Fort Hood shooting: Residents begin long healing process

After eight grueling years of casualties overseas and suicides at home, this vast Army base took an unusual step recently to aid soldiers and their families facing overwhelming grief.

A former chapel with stained-glass windows was transformed into a Spiritual Fitness Center. It offers counseling, soothing music, a religious library and meditation space, among other services, to help survivors cope with psychological trauma.

"When you're hit, you don't break," explained Brig. Gen. William Grimsley, deputy commanding general at Ft. Hood, the nation's largest Army base. "You absorb the blow."

Now, the center offers solace to those who survived an unimaginable tragedy: the shooting rampage Thursday, allegedly by a fellow soldier, that left 13 people dead.

FBI agents and other investigators swarmed over the base and surrounding area Saturday to interview those who knew Maj. Nidal Malik Hasan, to determine whether the 39-year-old Army psychiatrist accused of planning and carrying out the shooting acted alone. No evidence has emerged to suggest that he had outside encouragement or support.

But forensic investigators are examining Hasan's computer, Internet accounts, bank reports and other records to document his movements and communications.

By Saturday afternoon, they had interviewed 170 witnesses, victims, co-workers and others, and more interviews are planned, officials said.

"The FBI and U.S. Army criminal investigators are aggressively investigating any and all information related to Maj. Hasan," said Erik Vasys, a special agent in the FBI's San Antonio field office.

Several FBI officials said that they had not found any clear warning signs that might have tipped off authorities before the killing spree began.

Hasan, who was shot four times, was taken off a respirator Saturday and is breathing on his own under armed guard in an intensive care unit at Brooke Army Medical Center in San Antonio, officials said.

Life at the base remained far from normal. Operating under conditions described as "slightly enhanced security," armed soldiers were deployed at housing areas, day-care centers and other base facilities that usually are not guarded.

Yellow crime-scene tape cordoned off the shooting site, the base's Soldier Readiness Processing Center. A pair of soldiers stood guard over the cluster of mostly single-story brown buildings with red roofs.

Soldiers with automatic weapons also kept watch over a Burger King, the base PX store, and the busy playground beside the Bronco Youth Center on Tank Destroyer Boulevard.

A base spokesman, Col. John Rossi, met reporters in the late afternoon to perform a timeworn military ritual: a roll call of the fallen. One by one, he solemnly read the names, ages and hometowns of the 12 soldiers and one civilian killed.

The dead included Pvt. Francheska Valez, a pregnant 21-year-old who was heading home to Chicago; Spc. Jason Dean Hunt, a newlywed who recently served in Iraq; and Lt. Col. Juanita Warman, a 55-year-old physician's assistant with six grandchildren.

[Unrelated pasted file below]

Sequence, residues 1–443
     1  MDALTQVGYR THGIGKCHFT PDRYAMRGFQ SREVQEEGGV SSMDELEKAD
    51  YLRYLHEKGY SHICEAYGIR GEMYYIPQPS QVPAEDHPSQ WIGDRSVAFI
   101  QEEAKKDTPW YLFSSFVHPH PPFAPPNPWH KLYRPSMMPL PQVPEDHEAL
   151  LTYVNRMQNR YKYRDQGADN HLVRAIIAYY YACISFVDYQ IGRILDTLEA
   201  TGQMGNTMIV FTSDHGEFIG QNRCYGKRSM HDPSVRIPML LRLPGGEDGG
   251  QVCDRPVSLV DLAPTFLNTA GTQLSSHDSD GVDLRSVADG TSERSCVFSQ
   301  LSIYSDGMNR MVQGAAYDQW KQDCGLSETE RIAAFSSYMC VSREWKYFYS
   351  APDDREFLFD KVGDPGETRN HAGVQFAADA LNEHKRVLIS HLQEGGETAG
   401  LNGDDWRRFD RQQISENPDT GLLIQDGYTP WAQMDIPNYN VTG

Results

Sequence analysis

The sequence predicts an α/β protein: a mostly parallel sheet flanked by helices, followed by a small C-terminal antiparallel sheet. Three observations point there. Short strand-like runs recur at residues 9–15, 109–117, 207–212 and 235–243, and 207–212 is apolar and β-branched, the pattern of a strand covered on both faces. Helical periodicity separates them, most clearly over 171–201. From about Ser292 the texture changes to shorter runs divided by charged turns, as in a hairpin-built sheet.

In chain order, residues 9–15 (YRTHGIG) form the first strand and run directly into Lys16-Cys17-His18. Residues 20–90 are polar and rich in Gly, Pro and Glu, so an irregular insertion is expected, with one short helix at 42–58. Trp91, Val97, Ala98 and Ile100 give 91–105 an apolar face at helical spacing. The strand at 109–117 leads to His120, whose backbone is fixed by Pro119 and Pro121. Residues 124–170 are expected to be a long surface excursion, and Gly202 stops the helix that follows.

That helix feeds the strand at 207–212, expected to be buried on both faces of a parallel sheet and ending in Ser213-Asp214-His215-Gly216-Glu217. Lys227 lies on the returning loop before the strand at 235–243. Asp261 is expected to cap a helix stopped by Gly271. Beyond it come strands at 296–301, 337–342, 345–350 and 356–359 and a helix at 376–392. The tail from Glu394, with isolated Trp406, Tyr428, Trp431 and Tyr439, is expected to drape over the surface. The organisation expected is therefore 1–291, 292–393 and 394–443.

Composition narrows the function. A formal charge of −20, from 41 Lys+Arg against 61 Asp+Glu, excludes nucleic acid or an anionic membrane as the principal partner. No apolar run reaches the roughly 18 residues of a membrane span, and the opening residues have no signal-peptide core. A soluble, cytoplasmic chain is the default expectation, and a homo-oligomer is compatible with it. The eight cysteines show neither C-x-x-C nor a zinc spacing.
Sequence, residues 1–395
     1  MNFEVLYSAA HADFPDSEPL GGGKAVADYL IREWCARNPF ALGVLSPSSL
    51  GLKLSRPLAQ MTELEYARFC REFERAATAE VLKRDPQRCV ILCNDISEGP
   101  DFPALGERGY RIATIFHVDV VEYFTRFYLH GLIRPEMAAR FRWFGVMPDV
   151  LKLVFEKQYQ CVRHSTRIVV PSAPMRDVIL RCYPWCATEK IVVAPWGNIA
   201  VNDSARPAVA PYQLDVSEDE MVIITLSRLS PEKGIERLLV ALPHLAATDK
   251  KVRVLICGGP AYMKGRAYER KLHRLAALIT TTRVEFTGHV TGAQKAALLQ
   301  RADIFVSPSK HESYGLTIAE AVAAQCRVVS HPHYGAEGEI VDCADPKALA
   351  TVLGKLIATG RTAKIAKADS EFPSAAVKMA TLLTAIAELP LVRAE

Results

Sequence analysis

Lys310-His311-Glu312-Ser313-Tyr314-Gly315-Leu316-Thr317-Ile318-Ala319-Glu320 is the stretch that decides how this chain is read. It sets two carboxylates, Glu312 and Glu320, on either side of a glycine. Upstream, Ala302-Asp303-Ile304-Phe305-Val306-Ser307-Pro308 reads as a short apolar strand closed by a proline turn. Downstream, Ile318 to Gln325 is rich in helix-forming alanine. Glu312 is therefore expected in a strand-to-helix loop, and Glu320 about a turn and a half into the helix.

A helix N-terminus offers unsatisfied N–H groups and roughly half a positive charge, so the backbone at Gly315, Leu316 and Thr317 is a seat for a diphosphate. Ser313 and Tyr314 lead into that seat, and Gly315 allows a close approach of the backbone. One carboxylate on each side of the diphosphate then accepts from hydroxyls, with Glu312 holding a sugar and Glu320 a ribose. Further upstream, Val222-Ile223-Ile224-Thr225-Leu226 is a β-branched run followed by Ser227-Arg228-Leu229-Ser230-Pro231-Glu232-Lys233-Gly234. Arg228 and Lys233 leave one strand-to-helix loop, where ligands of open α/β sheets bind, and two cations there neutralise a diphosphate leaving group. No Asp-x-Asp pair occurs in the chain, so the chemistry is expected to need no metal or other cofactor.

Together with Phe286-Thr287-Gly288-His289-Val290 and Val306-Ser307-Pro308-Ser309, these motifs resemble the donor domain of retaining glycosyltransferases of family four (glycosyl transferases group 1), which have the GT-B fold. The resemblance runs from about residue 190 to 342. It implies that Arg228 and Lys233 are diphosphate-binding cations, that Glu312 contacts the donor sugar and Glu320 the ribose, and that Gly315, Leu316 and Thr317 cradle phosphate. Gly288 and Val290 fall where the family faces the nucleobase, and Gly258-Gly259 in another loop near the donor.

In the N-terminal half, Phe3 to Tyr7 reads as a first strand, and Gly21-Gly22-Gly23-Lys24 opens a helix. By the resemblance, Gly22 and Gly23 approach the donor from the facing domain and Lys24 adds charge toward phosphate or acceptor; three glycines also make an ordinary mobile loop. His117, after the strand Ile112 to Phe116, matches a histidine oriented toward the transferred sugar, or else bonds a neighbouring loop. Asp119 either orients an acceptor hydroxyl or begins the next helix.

"These heroes are so much more than simply names," Rossi said. "And I ask that we all take a moment to remember them all."

Nearly half of the 30 people wounded in the shooting have been released from hospitals. Dr. W. Roy Smythe, director of surgery at Scott & White Memorial Hospital in Temple, about 20 miles from Ft. Hood, said the killer shot his victims in the head, neck, chest, arms and legs. "The wounds were random," he said.

Some of the victims will be physically or psychologically impaired "for the rest of their lives," Smythe added.

Texas Gov. Rick Perry, who visited some of the patients at Scott & White, said that he was impressed by the survivors' valor. "I heard time after time in the hospital rooms that it's their honor to be able to serve their country, and that is a very humbling thing," he said.

President Obama and his wife, Michelle, will attend a memorial at the base Tuesday. In his radio address Saturday, Obama called the attack "all the more heartbreaking and all the more despicable" because it occurred on an Army base.

Obama lauded the two civilians -- Ft. Hood police Sgts. Kimberly Munley and Mark Todd -- who finally ended the carnage, it is believed, by shooting Hasan.

Obama said that although "we saw the worst of human nature on full display" in the shooting, "we also saw the best of America."

"We saw soldiers and civilians alike rushing to aid fallen comrades, tearing off bullet-riddled clothes to treat the injured, using blouses as tourniquets, taking down the shooter even as they bore wounds themselves," Obama said.

Former President George W. Bush and his wife, Laura, visited soldiers at the Army post hospital Friday night, the Associated Press reported.

After the shooting Thursday, Col. Bill Rabena, who runs the Spiritual Fitness Center, made six chaplains and six counselors available, with 10 more chaplains on standby.

They've talked to only a few dozen people, by phone and in person, but that could change.

"It takes a little while before the grieving starts," Rabena said.

At the 73rd Street chapel -- known on base as the chapel near the Popeyes Chicken -- the chaplain, Col. Frank Jackson, plans to speak about the shooting at today's service.

The people who live and work at Ft. Hood, he said, must "acknowledge the guilt, acknowledge the sadness, acknowledge the trauma."

When the outside attention inevitably fades, when the TV trucks leave and the president goes home, he said, "the people are still here."


Josh Meyer in the Washington bureau contributed to this report.

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